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Dolby announces bandwidth-conserving Digital Plus improvements

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Dolby has announced that it has developed a lower bit rate version of its Dolby Digital Plus surround sound system, meaning that broadcasters and streaming providers will be able to use the bandwidth for more audio or other content.

Dolby Logo Crate Stock 1020
Dolby Logo Crate Stock 1020

Along with its new glasses-free 3D technology, Dolby is bringing an updated version of its Digital Plus surround sound technology to NAB this year. Dolby Digital Plus is the current incarnation of the company's discrete surround technology, where each audio channel is delivered separately rather than decoded from a stereo stream. Normally, the bare minimum bit rate used by broadcasters to deliver Dolby Digital Plus is around 384kbps, but Dolby says that through tweaking the codec it has been able to reduce this down to just 192kbps.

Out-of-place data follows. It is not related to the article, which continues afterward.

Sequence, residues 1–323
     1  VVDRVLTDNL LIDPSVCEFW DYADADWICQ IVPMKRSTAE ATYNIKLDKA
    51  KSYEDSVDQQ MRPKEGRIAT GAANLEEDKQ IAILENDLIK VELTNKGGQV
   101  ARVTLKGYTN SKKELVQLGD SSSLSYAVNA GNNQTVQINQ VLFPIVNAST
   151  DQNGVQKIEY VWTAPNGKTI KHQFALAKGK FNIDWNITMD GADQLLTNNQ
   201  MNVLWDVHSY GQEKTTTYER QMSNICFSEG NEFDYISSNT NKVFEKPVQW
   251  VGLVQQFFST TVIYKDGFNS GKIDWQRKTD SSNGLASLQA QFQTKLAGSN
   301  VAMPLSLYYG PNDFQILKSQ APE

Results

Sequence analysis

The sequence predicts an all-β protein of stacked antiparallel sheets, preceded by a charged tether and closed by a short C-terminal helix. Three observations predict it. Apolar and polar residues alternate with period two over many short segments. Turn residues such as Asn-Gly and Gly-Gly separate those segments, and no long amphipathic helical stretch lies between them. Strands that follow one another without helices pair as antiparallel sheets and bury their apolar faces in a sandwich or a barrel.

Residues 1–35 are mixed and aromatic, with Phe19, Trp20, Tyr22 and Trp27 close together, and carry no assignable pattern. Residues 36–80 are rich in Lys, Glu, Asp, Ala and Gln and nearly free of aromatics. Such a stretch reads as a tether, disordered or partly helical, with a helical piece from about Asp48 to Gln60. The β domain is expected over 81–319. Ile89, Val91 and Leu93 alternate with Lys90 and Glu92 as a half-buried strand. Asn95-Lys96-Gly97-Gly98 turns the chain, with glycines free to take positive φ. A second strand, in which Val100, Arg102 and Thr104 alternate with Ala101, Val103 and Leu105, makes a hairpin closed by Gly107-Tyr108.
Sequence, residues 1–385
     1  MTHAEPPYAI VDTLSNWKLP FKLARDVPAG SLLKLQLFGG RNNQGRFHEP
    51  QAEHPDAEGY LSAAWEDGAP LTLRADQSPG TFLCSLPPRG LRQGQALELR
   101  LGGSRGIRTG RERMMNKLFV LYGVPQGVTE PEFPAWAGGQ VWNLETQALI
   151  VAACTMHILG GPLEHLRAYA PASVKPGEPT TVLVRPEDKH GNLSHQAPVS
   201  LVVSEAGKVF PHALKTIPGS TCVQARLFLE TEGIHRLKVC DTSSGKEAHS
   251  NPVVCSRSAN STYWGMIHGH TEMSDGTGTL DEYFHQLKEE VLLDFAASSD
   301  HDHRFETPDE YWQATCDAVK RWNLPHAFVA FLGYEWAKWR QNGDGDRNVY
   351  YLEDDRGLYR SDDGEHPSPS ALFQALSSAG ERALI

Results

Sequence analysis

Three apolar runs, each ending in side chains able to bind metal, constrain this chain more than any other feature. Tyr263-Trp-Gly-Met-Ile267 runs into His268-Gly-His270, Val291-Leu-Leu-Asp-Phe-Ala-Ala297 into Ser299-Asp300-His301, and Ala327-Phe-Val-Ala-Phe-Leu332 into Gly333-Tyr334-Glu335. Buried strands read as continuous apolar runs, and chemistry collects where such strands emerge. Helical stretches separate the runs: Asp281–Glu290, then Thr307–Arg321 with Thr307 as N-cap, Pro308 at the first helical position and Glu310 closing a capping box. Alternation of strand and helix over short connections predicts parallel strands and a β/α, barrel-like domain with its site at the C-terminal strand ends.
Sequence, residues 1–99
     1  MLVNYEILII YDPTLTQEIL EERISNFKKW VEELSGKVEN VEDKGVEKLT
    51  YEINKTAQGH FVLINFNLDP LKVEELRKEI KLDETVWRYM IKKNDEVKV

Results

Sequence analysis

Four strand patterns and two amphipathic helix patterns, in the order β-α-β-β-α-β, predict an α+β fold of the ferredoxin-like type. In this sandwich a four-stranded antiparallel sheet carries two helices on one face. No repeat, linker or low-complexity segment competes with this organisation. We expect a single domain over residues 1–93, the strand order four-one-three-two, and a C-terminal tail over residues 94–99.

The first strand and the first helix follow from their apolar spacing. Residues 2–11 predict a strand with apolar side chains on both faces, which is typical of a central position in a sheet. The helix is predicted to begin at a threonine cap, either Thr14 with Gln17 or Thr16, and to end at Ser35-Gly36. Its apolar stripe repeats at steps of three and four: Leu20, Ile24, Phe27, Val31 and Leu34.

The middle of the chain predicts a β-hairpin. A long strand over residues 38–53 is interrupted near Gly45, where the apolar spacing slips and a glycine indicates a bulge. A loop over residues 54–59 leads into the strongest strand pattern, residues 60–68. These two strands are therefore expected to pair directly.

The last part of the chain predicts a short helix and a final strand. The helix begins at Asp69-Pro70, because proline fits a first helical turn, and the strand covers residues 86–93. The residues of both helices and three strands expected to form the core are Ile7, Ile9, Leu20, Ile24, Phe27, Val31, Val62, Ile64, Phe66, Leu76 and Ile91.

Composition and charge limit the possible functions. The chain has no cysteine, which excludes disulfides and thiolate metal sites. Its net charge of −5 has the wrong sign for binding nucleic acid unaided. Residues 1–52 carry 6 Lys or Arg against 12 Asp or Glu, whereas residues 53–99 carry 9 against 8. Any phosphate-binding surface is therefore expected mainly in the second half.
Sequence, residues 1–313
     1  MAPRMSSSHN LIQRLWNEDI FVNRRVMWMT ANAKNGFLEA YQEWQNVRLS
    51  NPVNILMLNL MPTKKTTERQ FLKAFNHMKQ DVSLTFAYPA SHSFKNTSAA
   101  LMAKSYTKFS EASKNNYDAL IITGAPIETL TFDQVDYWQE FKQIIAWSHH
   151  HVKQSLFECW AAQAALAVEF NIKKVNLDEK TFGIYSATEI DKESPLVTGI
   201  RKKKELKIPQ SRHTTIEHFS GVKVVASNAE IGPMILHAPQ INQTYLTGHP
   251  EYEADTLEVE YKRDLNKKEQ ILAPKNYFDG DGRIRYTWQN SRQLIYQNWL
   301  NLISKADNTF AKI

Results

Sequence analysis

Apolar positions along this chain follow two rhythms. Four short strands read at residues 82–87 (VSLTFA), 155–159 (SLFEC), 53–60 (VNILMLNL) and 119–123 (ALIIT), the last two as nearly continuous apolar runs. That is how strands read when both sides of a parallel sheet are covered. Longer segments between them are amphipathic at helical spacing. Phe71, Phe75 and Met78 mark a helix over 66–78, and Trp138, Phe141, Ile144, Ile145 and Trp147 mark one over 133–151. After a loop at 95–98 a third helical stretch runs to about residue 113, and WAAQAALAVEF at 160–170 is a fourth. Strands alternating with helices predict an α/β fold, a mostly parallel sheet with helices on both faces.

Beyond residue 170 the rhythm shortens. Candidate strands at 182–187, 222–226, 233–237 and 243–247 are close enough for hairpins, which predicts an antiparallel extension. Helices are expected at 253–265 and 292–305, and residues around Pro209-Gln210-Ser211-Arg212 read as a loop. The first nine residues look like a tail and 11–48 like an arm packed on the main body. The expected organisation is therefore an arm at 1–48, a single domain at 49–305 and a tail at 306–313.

This means that the audio stream would need to take up only half as much bandwidth, allowing broadcasters and streaming providers to add extra commentary or languages, more surround channels (allowing for 7.1 surround), or even to use the freed-up bandwidth for more TV channels. The best part of this is that current Dolby Digital Plus decoders will support the lower bit rate streams, so your cable box, Xbox 360, and PS3 will still work fine. Whether you'll notice the reduction in quality or not is a different matter.